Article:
What We Don’t Hate About the Solar Tariff

What We Don’t Hate About the Solar Tariff

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courtney
COURTNEY JOHNSTON, Purchasing Manager at Wholesale Solar​

If you have any interest at all in solar energy, you’ve probably heard the news—effective February 7, 2018, the Trump administration is imposing a 30% tariff on imported solar panels and solar cells.

In other words, the price of solar has just gone up. (Or maybe not… But I’ll get into that in a second.)

There have been many “doom and gloom” news articles discussing the impacts of this decision on the US solar industry—and yes, there will be impacts.

Now, clearly I can’t predict the future. But I do want to talk about why this decision will likely not affect the solar industry quite as drastically as many of the industry experts are claiming.

As the purchasing manager at Wholesale Solar, I spend a lot of my time researching the fluctuation in the solar market. So you can imagine that—even more than you might have—I’ve been paying close attention to the trade case that led to this tariff.

And now that the decision has been finalized, I’m less worried than you might think.

Yes, this tariff will impact the commercial solar industry and will lead to about 23,000 American jobs lost, according to SEIA.

But when it comes to residential solar—in other words, the kind that you need for your home—my estimate is that this tariff, at its worst, will increase the retail price of an average grid-tied system by about 5% and an off-grid system by around 2%.

So for example, a grid-tied system that used to cost $14,000 will increase to $14,650. An off-grid system that was $22,000 will now be priced at around $22,440.

Impact of solar tariff on home solar

Well heck. That’s not much of an impact at all, is it?

I’ll dive deeper in a minute, but first, let’s look at how we got here.

“Section 201” and the solar tariff Trade Case & Solar Tariff

In May 2017, module manufacturer Suniva petitioned a Section 201 trade case. That’s a piece of legislation which is designed to protect against imports causing serious harm to a U.S. industry.

Suniva claimed they were being harmed by excessive imports from China and requested a large tariff in response—approximately 50%.

But they had help: SolarWorld backed their claim that the industry was suffering.

Because of this case, a tariff—a tax, basically—on imported crystalline-silicon PV panels and cells was proposed, and then approved on January 22, 2018.

The tariff steps down over time:

We’ll need more information—and more time—to fully understand the long-term impact of the tariff. But based on what we know now, it doesn’t look like the tariff will mean much for the price of residential solar systems.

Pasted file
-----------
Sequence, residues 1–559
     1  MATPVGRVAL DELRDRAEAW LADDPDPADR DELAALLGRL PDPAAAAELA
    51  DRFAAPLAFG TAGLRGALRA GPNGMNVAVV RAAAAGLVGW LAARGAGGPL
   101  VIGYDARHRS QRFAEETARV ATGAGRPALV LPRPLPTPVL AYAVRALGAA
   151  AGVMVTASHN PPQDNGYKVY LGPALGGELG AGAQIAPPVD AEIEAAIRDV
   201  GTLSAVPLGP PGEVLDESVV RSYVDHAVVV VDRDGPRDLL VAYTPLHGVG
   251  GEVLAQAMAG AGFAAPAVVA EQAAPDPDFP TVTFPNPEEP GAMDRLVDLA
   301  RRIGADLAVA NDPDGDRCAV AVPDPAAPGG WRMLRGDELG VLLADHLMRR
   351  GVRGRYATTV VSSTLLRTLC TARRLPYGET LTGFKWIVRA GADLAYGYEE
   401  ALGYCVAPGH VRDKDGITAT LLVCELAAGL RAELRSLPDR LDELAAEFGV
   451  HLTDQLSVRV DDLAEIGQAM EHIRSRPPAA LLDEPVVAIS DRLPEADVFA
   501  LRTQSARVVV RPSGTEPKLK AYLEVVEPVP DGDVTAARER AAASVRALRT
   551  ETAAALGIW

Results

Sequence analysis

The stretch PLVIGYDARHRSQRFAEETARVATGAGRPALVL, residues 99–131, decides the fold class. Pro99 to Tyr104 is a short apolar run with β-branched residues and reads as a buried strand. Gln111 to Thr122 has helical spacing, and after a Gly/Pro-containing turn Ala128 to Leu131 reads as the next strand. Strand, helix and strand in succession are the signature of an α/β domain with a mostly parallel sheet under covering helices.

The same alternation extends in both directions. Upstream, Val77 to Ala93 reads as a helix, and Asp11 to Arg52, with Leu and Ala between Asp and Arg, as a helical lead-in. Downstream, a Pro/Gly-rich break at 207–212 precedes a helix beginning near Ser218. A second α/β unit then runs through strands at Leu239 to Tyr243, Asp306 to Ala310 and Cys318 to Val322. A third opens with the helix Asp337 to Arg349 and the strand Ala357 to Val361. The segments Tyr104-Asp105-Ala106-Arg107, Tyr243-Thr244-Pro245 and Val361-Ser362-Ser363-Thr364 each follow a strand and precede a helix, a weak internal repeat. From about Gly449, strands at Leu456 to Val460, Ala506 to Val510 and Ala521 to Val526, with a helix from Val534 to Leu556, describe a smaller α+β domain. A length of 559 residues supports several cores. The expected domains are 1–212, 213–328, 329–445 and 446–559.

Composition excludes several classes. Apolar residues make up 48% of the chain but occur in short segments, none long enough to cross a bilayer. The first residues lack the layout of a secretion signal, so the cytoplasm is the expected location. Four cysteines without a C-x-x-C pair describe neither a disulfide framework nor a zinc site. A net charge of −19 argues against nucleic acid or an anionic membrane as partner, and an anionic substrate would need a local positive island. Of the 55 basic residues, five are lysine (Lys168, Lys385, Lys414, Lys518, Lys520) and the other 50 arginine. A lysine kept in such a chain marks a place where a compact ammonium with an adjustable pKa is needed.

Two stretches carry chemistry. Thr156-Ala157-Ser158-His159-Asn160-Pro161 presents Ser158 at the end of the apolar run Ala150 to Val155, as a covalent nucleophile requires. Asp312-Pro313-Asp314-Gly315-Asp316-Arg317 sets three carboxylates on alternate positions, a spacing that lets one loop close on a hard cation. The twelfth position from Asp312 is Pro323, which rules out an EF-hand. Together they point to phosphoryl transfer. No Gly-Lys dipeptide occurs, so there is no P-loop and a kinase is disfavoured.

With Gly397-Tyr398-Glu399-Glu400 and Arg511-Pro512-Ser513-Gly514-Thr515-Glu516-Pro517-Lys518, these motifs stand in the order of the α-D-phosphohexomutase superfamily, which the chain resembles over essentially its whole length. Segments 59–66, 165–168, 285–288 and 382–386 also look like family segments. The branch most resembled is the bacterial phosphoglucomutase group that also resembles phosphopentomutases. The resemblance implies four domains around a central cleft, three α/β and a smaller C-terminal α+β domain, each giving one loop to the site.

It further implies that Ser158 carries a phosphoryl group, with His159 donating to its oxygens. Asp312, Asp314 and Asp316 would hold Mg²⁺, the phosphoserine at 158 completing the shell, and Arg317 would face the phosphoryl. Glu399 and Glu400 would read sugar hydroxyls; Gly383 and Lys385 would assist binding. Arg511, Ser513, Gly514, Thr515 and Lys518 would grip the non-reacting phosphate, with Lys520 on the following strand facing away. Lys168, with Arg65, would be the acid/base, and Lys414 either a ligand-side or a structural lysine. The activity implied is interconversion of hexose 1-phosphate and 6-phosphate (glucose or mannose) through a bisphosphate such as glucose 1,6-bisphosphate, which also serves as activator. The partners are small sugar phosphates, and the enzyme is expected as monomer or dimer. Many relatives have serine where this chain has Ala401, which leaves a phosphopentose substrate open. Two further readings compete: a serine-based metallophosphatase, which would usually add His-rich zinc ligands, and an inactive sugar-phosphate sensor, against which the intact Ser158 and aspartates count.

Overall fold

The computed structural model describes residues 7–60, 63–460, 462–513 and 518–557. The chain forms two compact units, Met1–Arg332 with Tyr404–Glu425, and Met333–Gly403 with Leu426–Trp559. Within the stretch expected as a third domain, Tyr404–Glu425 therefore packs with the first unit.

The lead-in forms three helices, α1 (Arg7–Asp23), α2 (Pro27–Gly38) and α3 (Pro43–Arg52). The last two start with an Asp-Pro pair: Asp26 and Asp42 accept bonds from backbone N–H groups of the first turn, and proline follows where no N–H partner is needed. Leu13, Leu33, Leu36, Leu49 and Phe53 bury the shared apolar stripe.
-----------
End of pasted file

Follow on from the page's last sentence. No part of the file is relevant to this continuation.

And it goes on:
Here’s why.

The solar panel tariff—how will it affect you?

Yes, large-scale commercial installers will feel the impact of the tariff, because they buy and install so many solar panels.

In home systems, solar panels represent a smaller cost. That means the tariff is expected to cause only modest price increases for residential consumers—anywhere between $500 and $1000 for a typical customer.

But for you, the Wholesale Solar customer, there are several pieces of good news.

First, we stocked up on solar panels before the tariff was implemented, which means our prices aren’t going up any time soon.

Second, solar panel prices were relatively high already, which means manufacturers will likely end up absorbing some of the tariff. So even if prices do go up, they may not increase by as much as you’d think.

Third, the tariff applies for a relatively short time period and is already facing a challenge from South Korea. Module manufacturers may simply lower their prices to offset the impact of the tariff—in the hopes of maintaining or growing market share here in the US.

And yes, there is the chance that the tariff will get overturned by the World Trade Organization.

Don't wait

And even if every one of those pieces of good news turns out to be bad, you’ll STILL experience a smaller impact at home.

Here’s why.

Modules only represent a small portion of the overall cost of installing your system. You’ve got all the other components to think about, as well as permitting and installation.

[ Download our Free Solar Permitting Guide that saves you up to 8 hours ]

Another reason is that module prices had already increased—the uncertainty surrounding the trade case and subsequent tariff decision increased demand in late 2017 and early 2018, which led to higher prices towards the end of last year. Prices are already up, in other words, so you won’t see much difference between where they sit now and where they might go with a tariff.

Before you breathe a sigh of relief, however, I should mention that as a homeowner, you do stand to suffer… If you don’t take action and buy now.

You may be saying “I’ll just wait a couple years until the tariffs go down!”

It’s a common refrain, but that’s a bad approach.

Why? Because of the tax breaks—a 30% Federal Tax Credit means you can save big on your taxes by buying solar.

But that credit will start shrinking in just 2 short years.

Until then, the 30% tax credit will more than make up for any extra money you might pay on solar panels.

So if you’re playing the waiting game, hoping the tariff will disappear, you could simply end up losing credits on the tax side.

In other words, if you’re worried about saving money…

It makes the most sense to go solar as soon as you can.

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